With the next provincial election expected to be a little more than one year away, Alberta’s MLAs will return to the Legislative Assembly for the new session on Thursday.
This session will mark the first time that Premier Rachel Notley and Official Opposition leader Jason Kenney will publicly face each other in debate. Expectations are high. But while both leaders are talented debaters and skilled politicians, don’t expect high-minded debate. Thick partisan rhetoric and talking points will continue to dominate the discourse in this Legislative session.
And with one year left until the next election, much attention will be paid to the provincial budget.
With the province’s economic fortunes improving, expect pipeline-champion Notley to boast about her government’s decision to weather the recession without making the deep funding cuts to health care and education that the opposition conservatives have called for.
The decision not to impose deep budget cuts was smart, but the government still faces a significant revenue shortfall. A decades long over dependence on revenue from natural resource royalties to pay for the day to day operations of public services needs to be addressed to provide long-term financial stability for Alberta.
While it is unlikely that this issue will be addressed in this Legislative session, Albertans deserve an honest discussion about our low levels of taxation and the role taxes play in funding the public services Albertans depend on each day.
The final year before the writ is dropped is typically seen as a period where governments conduct house-keeping and tie up loose ends as they prepare to enter full re-election mode. Here is a look at some of the legislation that the NDP government is expected to introduce in this spring session of the Legislature:
- The NDP are expected to lead their legislative agenda with an act that will implement some of the initiatives recommended by the Energy Diversification Advisory Committee last month.
- The government will introduce supports for economic diversification initiatives including the renewal of existing tax credits and the creation of new tax incentives, including an Interactive Digital Media Tax Credit.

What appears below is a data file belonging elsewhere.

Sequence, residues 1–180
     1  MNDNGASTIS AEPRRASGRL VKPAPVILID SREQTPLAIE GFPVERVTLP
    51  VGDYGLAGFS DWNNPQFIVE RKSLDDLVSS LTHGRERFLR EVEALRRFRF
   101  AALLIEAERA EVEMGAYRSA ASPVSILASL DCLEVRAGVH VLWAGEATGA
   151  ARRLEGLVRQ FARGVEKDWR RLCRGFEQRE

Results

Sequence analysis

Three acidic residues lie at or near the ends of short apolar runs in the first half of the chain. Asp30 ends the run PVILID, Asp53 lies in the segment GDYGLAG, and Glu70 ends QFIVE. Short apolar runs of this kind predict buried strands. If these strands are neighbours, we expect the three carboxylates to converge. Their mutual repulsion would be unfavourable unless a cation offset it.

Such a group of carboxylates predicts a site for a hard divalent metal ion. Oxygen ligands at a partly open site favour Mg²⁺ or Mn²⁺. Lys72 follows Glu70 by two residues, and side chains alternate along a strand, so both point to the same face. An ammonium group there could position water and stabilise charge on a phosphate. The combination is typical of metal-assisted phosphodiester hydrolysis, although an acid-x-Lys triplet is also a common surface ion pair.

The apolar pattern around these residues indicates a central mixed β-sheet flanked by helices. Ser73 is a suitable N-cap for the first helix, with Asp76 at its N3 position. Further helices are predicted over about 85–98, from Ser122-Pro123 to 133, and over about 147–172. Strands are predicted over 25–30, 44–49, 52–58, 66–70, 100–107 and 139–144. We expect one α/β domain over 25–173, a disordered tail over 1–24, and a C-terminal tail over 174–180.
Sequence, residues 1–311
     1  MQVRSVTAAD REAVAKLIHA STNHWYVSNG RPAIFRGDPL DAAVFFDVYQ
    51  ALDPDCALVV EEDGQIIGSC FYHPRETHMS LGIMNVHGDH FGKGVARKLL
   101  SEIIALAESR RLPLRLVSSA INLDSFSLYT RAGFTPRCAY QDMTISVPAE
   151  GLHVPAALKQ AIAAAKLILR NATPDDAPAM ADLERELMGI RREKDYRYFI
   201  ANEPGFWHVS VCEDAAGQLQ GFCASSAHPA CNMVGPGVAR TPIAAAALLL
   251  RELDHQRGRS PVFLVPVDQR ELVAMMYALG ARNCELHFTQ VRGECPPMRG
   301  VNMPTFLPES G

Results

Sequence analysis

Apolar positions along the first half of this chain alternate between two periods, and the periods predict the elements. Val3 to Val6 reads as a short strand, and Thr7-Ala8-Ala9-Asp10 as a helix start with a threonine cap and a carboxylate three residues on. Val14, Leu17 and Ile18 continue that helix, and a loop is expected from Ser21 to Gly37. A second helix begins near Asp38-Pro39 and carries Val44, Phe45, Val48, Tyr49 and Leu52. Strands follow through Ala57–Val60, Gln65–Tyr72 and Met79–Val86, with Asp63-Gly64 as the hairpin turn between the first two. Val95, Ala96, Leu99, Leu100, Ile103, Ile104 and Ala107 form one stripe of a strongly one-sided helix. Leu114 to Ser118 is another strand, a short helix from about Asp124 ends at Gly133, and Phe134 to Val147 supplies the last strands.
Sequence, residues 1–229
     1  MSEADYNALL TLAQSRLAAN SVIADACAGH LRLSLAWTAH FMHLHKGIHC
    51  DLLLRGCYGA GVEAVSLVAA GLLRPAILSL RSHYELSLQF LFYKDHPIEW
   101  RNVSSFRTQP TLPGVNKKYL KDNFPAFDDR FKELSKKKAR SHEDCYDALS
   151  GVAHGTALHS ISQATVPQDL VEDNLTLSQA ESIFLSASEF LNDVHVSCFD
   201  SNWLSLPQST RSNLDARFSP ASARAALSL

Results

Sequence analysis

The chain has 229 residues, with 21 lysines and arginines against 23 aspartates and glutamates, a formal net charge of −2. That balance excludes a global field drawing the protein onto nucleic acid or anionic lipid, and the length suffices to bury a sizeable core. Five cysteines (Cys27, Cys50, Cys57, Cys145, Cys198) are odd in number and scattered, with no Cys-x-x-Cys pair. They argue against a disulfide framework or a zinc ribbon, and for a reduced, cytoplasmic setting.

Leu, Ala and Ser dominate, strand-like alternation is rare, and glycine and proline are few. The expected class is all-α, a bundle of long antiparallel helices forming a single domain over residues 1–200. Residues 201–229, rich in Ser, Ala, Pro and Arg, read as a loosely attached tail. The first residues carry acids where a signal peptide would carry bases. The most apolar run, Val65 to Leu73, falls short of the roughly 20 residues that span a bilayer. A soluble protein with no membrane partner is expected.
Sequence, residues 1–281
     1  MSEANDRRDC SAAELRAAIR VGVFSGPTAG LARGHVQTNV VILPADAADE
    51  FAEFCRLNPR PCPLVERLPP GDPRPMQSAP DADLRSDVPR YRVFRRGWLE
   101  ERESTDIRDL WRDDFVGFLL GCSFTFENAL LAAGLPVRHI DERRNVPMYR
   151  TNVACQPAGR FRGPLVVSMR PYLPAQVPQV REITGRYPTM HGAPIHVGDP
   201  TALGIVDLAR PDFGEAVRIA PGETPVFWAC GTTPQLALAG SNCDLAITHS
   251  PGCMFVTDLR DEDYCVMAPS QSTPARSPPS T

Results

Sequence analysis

- With the federal government planning to implement the legalization of marijuana this year, the Alberta government is also expected to introduce two bills creating a regulatory framework and rules around the creation of a tax structure for the cannabis industry.
- The government is also expected to introduce legislation addressing some of the recommendations from the Standing Committee on Resource Stewardship review of the Lobbyists Act. The all-party committee reviewed the act last year and submitted recommendations in July 2017.
- Following the introduction of a private members’ bill related to Henson Trusts by Calgary-Currie MLA Brian Malkinson last year, the government is expected to introduce a bill related to discretionary and non-discretionary trusts as assets when determining individual eligibility for the AISH program.
- Recognizing the role of Alberta grown food, the government is expected to proclaim an annual Local Food Week.
- And after numerous recent natural disasters, the government is expected to introduce a bill expanding the authority of the enforcement of evacuation orders and creating a Municipal Emergency Management regulation to define the responsibilities of municipalities under the Act.
Jean’s departure is not a surprise. His lack of critic role in the United Conservative Party caucus after his defeat to Kenney in the party’s 2017 leadership race signalled that Jean was likely looking to depart the provincial scene.
A former Member of Parliament, Jean took over the thankless role of leader of the Wildrose Party as his party was teetering on the brink of the abyss following the mass floor crossing of most of the party’s MLAs in late 2014. To most people’s surprise, he led his party to win 21 seats in the 2015 election.
A by-election will be called in Fort McMurray-Conklin within the next six months.